LAHORE: Justice Umar Ata Bandial of the Lahore High Court on Monday dismissed a petition by 23 advertising companies against the removal of their billboards by the Parks and Horticulture Authority (PHA).
The petitioners, Mehran Advertisers and others, submitted that the PHA was removing their billboards in violation of law and their contracts. They said the only explanation they had been give was compliance with the Punjab chief minister’s directives on cleanliness and beautification of the city. Their counsel complained that the PHA had served sevenday notices on the petitioner companies asking them to remove their signboards and billboards. Otherwise, the notices said, the authority would remove them itself.
The counsel said the PHA was changing its policy on billboards on a yearly basis. This was making the lawful business of advertising companies very difficult. He said under Article 18 of the Constitution the petitioners had the right to free trade. If the government wanted to regulate the trade under a policy it had to legislate first. The counsel prayed for the court to declare the notices issued by the PHA illegal and unlawful. Counsel for the PHA argued that it had introduced the new policy purely in the larger interest of the public.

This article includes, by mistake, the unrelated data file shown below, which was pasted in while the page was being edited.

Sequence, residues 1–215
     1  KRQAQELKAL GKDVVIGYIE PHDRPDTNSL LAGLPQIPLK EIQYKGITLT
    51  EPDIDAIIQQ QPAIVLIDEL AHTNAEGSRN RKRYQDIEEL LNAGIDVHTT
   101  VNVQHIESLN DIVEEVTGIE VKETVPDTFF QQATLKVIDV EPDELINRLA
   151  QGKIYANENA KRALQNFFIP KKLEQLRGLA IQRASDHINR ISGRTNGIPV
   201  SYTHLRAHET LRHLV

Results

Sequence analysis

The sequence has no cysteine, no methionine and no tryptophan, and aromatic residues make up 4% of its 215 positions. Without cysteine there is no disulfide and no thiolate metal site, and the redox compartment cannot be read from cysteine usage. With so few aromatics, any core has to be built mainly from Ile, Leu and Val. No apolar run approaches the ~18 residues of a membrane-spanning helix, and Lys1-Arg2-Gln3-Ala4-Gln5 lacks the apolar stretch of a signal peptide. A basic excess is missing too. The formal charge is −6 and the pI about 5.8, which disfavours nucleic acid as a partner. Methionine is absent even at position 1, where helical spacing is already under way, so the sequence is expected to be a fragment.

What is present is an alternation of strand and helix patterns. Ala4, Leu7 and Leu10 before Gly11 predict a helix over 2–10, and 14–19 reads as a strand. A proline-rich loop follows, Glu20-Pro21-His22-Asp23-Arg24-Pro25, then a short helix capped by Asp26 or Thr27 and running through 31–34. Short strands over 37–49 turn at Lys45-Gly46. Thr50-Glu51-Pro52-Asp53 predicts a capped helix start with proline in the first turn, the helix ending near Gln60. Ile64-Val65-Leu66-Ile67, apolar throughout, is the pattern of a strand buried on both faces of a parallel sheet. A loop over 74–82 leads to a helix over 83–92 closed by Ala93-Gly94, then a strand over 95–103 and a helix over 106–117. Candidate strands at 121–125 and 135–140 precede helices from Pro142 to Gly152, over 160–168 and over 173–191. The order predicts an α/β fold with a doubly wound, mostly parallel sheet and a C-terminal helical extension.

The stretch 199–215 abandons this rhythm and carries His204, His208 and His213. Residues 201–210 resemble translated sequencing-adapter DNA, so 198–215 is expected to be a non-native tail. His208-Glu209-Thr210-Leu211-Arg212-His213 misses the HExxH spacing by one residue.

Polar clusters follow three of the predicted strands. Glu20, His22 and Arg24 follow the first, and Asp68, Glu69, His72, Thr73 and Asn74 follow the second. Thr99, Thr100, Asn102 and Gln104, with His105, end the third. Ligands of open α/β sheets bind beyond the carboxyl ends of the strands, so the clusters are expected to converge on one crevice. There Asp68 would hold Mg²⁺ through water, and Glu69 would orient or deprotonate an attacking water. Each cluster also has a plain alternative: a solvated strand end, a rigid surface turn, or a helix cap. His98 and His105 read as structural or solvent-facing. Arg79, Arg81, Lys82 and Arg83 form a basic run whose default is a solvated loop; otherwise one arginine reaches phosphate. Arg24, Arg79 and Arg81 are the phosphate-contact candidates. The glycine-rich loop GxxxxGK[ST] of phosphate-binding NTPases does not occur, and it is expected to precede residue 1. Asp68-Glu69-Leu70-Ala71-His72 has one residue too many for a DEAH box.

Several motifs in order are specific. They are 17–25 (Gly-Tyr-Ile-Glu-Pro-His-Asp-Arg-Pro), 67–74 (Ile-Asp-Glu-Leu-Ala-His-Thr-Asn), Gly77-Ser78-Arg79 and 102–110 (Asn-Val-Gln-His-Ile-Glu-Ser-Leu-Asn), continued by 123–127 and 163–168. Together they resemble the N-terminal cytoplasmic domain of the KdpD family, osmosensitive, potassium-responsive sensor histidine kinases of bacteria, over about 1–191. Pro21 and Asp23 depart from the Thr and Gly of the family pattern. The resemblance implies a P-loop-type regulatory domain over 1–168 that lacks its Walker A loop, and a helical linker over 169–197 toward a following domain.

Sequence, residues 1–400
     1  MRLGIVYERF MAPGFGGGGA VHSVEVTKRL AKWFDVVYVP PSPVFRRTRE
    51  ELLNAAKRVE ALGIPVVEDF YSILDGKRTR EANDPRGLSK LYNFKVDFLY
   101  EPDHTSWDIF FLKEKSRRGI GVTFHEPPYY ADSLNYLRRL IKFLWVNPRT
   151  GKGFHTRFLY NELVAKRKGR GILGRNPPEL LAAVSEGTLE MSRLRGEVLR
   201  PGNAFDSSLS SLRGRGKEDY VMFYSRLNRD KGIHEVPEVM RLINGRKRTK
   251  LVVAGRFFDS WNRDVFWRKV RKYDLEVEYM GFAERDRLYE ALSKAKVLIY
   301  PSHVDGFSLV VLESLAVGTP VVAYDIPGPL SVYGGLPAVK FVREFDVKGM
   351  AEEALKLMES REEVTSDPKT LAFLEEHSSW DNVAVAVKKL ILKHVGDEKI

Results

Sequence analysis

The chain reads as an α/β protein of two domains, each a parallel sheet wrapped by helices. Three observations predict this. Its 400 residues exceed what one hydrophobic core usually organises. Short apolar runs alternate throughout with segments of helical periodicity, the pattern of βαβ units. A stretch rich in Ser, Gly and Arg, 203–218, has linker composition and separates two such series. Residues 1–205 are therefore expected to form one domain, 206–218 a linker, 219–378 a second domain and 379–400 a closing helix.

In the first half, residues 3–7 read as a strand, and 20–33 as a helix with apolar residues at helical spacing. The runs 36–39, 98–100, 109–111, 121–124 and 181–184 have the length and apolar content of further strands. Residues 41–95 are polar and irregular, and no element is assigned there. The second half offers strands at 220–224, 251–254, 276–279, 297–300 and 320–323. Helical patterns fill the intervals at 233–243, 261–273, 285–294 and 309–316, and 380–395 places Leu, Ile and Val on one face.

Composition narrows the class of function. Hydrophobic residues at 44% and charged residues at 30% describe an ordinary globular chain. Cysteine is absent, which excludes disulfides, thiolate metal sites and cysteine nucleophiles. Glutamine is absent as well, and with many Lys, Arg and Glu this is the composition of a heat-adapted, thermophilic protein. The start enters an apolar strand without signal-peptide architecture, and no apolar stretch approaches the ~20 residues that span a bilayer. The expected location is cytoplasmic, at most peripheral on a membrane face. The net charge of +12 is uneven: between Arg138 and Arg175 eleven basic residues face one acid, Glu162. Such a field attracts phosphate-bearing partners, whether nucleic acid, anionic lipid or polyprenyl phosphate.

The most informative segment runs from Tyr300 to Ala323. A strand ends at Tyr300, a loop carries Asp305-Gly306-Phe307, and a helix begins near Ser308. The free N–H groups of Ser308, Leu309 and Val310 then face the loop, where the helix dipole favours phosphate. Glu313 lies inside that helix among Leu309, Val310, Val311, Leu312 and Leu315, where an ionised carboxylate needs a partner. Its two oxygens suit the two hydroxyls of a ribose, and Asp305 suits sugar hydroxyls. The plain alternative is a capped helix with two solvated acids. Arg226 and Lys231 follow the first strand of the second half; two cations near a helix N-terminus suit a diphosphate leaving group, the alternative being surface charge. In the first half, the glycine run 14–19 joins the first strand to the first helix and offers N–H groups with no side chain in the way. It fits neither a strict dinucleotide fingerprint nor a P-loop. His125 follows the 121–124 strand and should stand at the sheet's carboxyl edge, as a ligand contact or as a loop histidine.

He said the petitioners were served notices before the removal of their hoardings in residential neighbourhoods and along city roads. The operation, he told the court, was aimed at ensuring road safety and beatification of the city. Under the new policy any two billboards on a road would be at lest 300 yards apart and a billboard would be no wider than 30 feet and no longer than 60 feet.
Dismissing the petition Justice Bandial observed that the petitioners had no vested legal right in the matter. As such, he ruled that their rights were revocable, temporary and subject to renewal. The judge concluded that the petitioners “have done their business on the basis of a conditional permission given by the PHA. The alteration of terms is an inherent of any licensing system.”
Published in the Express Tribune, May 11th, 2010.